We get asked a lot about why we dislike traditional, “old” schooling.
We imagine having to say this often and in detail: We agree many traditional schools bare doing a great job for many of their students. For many, it may be the most suitable way of learning for them.
How do we talk about the new schools without discrediting the innovations and efforts of teachers and administrators who have given their lives to improve the system? Haven’t many of them created a happy and inclusive learning community for all children?
A quick look at some difference
Dan McCabe, a principal of Nesaquake Middle School in New York, highlights some of the differences here:
Although Mr. Mc Cabe works in a traditional setting, he understands the value of improving the system, thus promotes it. Families and children find new school strategies better than the old especially when they prefer that the child’s learning skills, styles, and preferences are treated as utmost importance. Like Mr. Mc Cabe, educators are aware of this and have been upping their game in this regard. He is not alone but it is an uphill battle – most public school classrooms look a lot like they did a century ago.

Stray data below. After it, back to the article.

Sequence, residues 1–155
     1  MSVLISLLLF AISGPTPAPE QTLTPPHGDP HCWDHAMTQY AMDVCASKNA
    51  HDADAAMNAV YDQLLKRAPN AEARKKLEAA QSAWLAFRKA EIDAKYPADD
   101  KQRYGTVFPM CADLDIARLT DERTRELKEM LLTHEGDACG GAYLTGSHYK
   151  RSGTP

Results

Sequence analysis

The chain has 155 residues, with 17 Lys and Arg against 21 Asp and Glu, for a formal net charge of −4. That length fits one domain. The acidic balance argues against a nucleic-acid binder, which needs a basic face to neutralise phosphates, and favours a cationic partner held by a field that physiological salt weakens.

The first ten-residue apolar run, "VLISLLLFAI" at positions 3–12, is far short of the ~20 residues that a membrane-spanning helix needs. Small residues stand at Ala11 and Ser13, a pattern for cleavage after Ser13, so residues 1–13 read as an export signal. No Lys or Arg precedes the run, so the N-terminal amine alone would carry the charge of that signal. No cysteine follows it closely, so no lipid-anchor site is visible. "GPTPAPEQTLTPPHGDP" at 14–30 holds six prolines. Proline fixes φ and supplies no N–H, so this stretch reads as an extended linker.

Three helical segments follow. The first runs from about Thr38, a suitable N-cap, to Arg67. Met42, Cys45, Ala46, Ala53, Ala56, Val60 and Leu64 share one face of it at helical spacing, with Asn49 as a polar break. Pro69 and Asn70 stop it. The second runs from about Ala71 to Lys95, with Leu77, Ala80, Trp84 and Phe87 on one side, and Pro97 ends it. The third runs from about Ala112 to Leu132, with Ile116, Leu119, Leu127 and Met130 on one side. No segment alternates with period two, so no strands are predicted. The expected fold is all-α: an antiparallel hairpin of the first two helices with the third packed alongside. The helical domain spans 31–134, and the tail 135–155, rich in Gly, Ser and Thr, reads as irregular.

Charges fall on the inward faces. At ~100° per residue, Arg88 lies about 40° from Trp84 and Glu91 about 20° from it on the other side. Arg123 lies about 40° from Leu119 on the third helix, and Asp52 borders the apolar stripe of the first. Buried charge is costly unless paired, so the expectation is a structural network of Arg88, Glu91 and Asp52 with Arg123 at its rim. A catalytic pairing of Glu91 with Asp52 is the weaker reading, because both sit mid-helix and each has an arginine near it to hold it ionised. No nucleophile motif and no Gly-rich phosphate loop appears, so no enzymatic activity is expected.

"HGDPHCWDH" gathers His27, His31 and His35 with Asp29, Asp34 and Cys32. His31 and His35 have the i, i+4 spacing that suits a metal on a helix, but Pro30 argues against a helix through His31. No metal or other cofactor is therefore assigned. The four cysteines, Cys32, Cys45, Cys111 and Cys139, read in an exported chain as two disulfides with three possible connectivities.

Some other things we like about traditional schools:
- Old school strategies such as direct explicit instruction may be effective for some students. Kids with some special needs can also respond to direct instruction pretty well.
- Some old schools have started making improvements by switching from a teacher-centered to learner-centered approach.
- They are sustainable. Unlike many new schools which are still dealing with the chaos of a startup, and occasionally fall apart.
- They give us a reason to make new schools ; )
A harmonious marriage?
Old and new schools of thought can marry harmoniously. For example, learning anatomy as a medical student requires memorization of textbook-based facts but it is equally important to be able to apply this knowledge to the real world. How do they get trained for this? By mixing old school with new school ways: memorizing information and integrating inquiry-based approaches that require higher order thinking processes.
What is your experience like with traditional schools? We’d love to know! Please leave a comment to share your personal experience.